Summer 2018 was a difficult one for Chicago. The city was already dealing with the usual spikes in gun violence, but it also was creeping toward the start of the Jason Van Dyke trial. He is the Chicago Police Officer who fatally shot Chicago teenager Laquan McDonald 17 times in October 2014. A video of the killing came out the following year, which created a pressure cooker for city hall. Not only did the scandal do away with the Chicago police superintendent and the Cook County State’s Attorney — one was forced to resign, the other rejected by voters at the polls — but it forced Chicago Mayor Rahm Emanuel into defense mode, which does not come naturally.
Things came to a head in July when police fatally shot 37-year-old Harith Augustus in the city’s South Shore neighborhood. I covered the aftermath for the Washington Post. Marches took place for days. Forty-five minutes I arrived there for the second day of marching, police tape cordoned off a block, just one block from where Augustus was killed. Turns out, more gang violence in broad daylight. Luckily, no one was killed. You can read my story of that incident here.
The next day, about 3,000 people descended down an on-ramp of the Dan Ryan Expressway to protest ongoing gun violence on the South and West Sides. It was a Saturday morning and the activists included parents of children gunned down on the blocks, as well as Rev. Jesse Jackson and Fr. Michael Pfleger, a Catholic priest who organized the march despite the early protests of Emanuel. Eventually, the state police relented and allowed the marches to take over two lanes of the busy expressway.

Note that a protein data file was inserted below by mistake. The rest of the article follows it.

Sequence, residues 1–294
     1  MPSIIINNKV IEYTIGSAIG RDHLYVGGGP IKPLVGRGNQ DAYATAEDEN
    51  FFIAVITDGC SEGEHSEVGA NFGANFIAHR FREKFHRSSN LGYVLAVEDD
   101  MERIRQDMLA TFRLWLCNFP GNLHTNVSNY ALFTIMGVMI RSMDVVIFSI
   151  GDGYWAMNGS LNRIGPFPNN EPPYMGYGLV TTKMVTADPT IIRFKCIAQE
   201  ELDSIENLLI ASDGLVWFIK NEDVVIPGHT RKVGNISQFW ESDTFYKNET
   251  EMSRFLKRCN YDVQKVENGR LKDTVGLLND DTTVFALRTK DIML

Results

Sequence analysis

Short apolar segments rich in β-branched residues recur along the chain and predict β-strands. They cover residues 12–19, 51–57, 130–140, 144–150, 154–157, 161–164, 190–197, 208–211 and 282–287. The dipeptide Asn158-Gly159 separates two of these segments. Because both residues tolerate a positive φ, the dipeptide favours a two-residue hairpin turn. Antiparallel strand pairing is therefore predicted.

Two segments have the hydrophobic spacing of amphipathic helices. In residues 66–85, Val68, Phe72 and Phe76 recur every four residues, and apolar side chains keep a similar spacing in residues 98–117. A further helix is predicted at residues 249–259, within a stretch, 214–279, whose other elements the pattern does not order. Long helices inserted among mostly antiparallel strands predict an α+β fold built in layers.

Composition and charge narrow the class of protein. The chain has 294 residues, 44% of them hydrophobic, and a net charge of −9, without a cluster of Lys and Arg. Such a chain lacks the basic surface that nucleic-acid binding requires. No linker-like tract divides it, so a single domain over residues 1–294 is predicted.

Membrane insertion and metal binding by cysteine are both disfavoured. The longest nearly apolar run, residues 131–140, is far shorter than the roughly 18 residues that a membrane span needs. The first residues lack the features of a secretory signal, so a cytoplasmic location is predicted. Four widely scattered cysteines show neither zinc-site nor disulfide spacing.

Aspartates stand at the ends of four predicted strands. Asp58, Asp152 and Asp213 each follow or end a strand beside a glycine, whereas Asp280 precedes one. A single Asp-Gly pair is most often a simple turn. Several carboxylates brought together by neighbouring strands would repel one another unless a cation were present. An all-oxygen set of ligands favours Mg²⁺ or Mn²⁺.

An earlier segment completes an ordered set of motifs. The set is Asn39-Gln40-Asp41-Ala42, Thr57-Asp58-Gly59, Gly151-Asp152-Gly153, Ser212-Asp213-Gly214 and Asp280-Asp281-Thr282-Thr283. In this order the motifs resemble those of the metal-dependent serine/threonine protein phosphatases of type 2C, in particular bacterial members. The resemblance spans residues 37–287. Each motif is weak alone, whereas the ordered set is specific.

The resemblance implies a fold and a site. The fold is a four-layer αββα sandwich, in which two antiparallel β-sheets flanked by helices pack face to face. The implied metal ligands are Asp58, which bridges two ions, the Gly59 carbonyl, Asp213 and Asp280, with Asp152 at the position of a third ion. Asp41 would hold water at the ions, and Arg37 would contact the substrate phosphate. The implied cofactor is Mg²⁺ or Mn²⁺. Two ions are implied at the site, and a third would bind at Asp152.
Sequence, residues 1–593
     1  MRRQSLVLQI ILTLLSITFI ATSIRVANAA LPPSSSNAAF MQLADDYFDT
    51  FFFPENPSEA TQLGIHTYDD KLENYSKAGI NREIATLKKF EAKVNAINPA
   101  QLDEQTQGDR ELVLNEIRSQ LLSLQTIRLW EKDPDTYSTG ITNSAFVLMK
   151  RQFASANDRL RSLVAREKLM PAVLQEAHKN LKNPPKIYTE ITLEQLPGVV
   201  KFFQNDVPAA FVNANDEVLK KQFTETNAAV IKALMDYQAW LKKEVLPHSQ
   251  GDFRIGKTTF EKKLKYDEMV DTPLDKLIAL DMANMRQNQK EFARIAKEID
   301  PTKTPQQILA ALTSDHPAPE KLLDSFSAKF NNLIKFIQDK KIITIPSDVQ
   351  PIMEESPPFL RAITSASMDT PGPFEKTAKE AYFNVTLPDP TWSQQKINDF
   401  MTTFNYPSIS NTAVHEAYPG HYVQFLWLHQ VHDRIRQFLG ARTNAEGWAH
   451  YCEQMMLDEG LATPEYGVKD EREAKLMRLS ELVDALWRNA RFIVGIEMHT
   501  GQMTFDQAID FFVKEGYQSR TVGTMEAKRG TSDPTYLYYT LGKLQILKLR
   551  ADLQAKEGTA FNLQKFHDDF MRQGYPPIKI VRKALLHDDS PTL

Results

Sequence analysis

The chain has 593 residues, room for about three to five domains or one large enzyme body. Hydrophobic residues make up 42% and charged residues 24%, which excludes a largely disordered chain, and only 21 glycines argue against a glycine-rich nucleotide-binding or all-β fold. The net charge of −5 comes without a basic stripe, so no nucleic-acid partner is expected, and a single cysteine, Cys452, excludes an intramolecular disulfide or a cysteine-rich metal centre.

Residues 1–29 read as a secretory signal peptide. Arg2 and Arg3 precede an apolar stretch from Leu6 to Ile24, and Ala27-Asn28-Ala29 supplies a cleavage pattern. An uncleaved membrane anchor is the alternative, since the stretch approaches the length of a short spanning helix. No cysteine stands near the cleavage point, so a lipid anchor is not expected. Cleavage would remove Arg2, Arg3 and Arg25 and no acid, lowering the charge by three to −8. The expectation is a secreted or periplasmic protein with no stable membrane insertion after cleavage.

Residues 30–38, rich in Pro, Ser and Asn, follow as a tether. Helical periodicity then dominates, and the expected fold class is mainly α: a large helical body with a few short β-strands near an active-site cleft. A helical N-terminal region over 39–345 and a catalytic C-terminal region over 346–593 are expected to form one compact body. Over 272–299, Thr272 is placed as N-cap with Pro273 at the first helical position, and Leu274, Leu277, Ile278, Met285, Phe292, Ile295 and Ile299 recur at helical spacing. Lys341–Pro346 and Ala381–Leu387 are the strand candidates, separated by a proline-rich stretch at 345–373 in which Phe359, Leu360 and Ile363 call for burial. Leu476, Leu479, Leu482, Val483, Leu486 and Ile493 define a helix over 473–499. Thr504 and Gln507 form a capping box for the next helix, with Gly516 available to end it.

Read my WaPo story here.
By August, all media attention squared on the Van Dyke trial the next month. Van Dyke himself gave a tearful interview to the Chicago Tribune, attorneys on both sides battled on where the trial should take place, and some activists pledged to riot if Van Dyke was acquitted.
But then Emanuel said he was not running for a third term.
The timing of the announcement was unexpected, but not the reason. Although he said the reason was to spend more time with his family, the writing was on the wall for his continued electability in Chicago: Low approval ratings, disdain among most people of culture, inaction on police reform, and attention paid more to the interests of the luxury class than those who say the city became more unaffordable since he got into office.
Read my WaPo story here.
About one week later, Van Dyke entered the courtroom for what would become a three-week trial. I was in the courtroom that opening day and watched both legal teams paint the career police officer as either someone who felt under threat and fired upon duress, or someone who made the decision to fire his gun before he even stepped out of his car and then took steps to cover up his actions.
You can read my opening day analysis in the WaPo here.
As the weeks wore on in October, stories were getting out about what would happen if Van Dyke was acquitted. Chicago hasn’t had violence on the streets since the 1968 riots. And unlike Baltimore and Ferguson, Mo., protests over police shootings of unarmed black men have largely been peaceful.
So I wrote a story for the WaPo that looks at what’s at stake for both sides in this trial. It was published the day of closing arguments.
Read it here.
The jury took a day and a half to come back with a verdict: Guilty on most counts. The fact that it didn’t take long came as a surprise Despite protests downtown, violence was averted. But all agree that October 5, 2018 was a historic day in Chicago: The first time a Chicago police officer was found guilty in a court trial for killing a citizen.
The story ran long and was updated throughout the day and night. Read the full recap here.
Unlike the summer, the story of gun violence in Chicago is not over. But this is one chapter all Chicagoans are happy has come to an end.